My online writing handle is Ghost32, but my wife knows me better as Shovel Man. Outhouses, hand dug wells, fire fighting, home building–all that and more.
The shovel, perhaps more than any other single tool, has been instrumental in our survival these past seventeen years.
When we began homesteading a twenty acre parcel in the mountains near Craig, Montana, in 1999, there was much to do. Highest priority was shelter itself. We lucked out, finding a local builder who put together a 12′ x 16′ Tuff Shed type structure, which served as our cabin. To make the place truly livable, naturally, a great deal more had to be done, and done without delay.
Mother Nature had to be faced squarely, for instance. On August 3, 1999, Pam was resting uncomfortably, seated on her bed-couch. We added an electric air conditioner in 2000, but for 1999 it was out of the question. The temperature had reached 100 degrees Fahrenheit or higher, and my lady was very close to heatstroke.
Moments after stepping outside to cut another piece of paneling to fit one of the interior walls, I was back, reaching under the cabin (it was on skids) to grab our only shovel.
“We’ve got a fire! A big one!” I snapped, adding just as quickly, “Do what you can! I’ve gotta go to work!”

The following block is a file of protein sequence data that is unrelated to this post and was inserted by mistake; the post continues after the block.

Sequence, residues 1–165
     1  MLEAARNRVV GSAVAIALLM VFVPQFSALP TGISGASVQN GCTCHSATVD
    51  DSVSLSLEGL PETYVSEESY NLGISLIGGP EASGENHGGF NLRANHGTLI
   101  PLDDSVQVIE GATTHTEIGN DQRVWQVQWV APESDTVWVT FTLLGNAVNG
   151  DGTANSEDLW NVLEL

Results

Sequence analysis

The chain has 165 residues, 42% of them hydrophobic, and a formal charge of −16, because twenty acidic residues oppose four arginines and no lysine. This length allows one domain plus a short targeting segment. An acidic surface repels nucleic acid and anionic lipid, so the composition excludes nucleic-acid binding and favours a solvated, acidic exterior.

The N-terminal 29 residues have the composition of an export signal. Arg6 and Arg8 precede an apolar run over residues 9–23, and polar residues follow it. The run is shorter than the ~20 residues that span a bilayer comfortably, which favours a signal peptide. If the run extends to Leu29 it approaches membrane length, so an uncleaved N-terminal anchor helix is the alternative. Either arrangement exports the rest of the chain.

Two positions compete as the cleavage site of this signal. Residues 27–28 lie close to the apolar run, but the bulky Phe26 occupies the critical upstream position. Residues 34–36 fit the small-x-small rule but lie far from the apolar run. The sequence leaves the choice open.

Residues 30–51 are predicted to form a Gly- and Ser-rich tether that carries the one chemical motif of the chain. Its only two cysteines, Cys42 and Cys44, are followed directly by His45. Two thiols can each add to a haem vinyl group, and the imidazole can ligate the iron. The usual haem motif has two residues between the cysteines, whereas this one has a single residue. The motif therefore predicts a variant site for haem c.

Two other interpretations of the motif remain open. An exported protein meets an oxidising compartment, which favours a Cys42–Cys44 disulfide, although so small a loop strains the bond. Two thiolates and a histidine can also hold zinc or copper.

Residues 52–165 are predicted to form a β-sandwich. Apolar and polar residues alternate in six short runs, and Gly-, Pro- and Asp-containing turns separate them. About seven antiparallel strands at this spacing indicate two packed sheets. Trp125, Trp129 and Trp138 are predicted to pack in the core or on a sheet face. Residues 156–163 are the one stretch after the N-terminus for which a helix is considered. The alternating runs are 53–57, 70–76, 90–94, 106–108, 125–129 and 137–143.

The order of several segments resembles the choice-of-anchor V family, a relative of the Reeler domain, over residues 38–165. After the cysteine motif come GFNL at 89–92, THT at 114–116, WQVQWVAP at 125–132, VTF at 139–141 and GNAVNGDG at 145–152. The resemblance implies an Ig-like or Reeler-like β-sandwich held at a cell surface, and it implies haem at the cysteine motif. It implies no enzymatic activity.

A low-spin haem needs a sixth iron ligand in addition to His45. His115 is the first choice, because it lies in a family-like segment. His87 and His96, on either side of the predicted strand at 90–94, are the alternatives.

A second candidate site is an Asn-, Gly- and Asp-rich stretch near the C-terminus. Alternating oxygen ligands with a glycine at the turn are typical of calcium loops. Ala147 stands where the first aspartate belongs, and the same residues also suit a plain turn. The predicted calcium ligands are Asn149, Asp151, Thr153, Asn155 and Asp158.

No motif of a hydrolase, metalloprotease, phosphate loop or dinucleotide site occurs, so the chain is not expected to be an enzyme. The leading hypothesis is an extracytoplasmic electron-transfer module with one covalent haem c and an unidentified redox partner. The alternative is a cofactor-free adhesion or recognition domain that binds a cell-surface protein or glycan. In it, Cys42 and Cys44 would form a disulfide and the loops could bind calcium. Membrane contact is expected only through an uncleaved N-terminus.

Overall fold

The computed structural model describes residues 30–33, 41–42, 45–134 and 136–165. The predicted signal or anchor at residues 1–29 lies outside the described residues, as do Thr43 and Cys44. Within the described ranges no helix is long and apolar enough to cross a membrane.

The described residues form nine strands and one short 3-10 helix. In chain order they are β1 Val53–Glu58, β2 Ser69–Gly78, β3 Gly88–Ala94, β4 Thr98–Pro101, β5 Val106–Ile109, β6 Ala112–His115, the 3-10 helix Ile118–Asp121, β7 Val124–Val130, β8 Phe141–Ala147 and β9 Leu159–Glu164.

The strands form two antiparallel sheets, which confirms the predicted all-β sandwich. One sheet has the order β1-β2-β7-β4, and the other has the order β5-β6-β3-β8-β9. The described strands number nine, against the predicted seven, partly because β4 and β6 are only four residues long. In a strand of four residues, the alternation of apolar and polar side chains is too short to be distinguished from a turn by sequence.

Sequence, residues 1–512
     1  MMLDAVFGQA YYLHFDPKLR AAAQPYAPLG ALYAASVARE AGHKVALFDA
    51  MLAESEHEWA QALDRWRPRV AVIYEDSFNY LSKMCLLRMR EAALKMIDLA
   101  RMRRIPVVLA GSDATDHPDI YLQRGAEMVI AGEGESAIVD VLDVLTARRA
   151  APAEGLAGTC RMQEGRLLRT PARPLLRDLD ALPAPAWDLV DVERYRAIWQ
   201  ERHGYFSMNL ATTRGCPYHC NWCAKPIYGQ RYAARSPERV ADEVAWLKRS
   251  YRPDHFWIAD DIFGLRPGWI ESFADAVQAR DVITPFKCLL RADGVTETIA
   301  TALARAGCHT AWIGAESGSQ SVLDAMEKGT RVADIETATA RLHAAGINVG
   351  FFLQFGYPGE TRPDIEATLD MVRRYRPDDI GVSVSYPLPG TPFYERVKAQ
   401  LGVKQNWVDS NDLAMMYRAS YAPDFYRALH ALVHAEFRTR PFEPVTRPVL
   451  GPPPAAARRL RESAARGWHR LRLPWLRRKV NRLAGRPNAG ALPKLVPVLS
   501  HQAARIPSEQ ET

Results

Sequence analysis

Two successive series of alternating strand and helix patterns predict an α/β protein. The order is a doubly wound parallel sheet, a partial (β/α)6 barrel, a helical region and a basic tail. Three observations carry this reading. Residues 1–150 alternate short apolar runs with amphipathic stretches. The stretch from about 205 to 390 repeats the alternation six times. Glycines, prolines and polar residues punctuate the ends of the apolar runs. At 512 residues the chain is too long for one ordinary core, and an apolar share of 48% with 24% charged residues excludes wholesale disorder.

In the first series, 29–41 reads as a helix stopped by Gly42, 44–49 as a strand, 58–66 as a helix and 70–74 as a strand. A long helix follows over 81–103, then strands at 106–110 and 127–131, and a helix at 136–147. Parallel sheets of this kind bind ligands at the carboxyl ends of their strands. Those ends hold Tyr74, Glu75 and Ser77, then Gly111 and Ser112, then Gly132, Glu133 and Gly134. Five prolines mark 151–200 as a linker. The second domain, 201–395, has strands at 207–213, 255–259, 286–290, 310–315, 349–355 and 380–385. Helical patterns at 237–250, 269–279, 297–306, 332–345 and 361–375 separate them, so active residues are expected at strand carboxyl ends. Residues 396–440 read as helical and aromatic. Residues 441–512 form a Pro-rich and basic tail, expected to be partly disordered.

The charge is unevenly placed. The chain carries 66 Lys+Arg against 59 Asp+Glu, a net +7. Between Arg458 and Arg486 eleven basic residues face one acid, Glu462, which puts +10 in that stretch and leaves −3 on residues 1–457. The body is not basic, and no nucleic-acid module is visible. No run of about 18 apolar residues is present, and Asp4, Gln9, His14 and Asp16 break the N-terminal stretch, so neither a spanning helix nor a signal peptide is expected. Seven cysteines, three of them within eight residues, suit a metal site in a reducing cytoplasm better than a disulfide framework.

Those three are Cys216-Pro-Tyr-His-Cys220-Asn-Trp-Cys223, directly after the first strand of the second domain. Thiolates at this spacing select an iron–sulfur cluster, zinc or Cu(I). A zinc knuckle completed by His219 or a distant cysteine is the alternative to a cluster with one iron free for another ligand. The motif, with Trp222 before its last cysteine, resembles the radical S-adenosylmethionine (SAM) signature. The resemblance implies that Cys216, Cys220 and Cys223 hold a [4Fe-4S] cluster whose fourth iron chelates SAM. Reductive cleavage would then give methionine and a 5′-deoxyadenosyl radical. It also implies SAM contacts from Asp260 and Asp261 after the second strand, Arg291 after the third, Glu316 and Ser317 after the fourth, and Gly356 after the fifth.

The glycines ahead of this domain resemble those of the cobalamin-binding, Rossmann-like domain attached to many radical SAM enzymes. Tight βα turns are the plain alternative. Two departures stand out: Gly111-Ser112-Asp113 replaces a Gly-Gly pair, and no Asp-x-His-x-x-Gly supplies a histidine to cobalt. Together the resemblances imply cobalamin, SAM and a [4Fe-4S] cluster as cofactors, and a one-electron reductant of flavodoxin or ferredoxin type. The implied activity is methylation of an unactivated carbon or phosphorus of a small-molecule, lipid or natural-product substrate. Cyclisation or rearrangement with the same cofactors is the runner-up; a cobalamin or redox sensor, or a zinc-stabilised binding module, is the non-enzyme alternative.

The full story of that fire required a separate page. This is the Shovel Man story, a story about a man and his shovel. Note: During the fire, there was a brief time–sixty seconds or so–when Pam was the one using the shovel
Long story short, we had no available water for fighting fire–just the one, lone, extremely busy shovel. When the fire was over, neighbors and professional firefighters had saved the rest of the mountain from being burned out. Our cabin, however, was saved by us and no one else, using our wits, determination, and no physical tools beyond our bare hands and a single yellow handled #2 spade.
Note: The cause of the wildfire was never determined. It could have been as simple as the sun shining through an old discarded glass bottle on that terribly hot day, but neither we nor the State fire investigators could figure it out for sure. All we DO know is that it was about eighty feet away and coming hard when I first saw it, with the wind whipping erratically from every direction.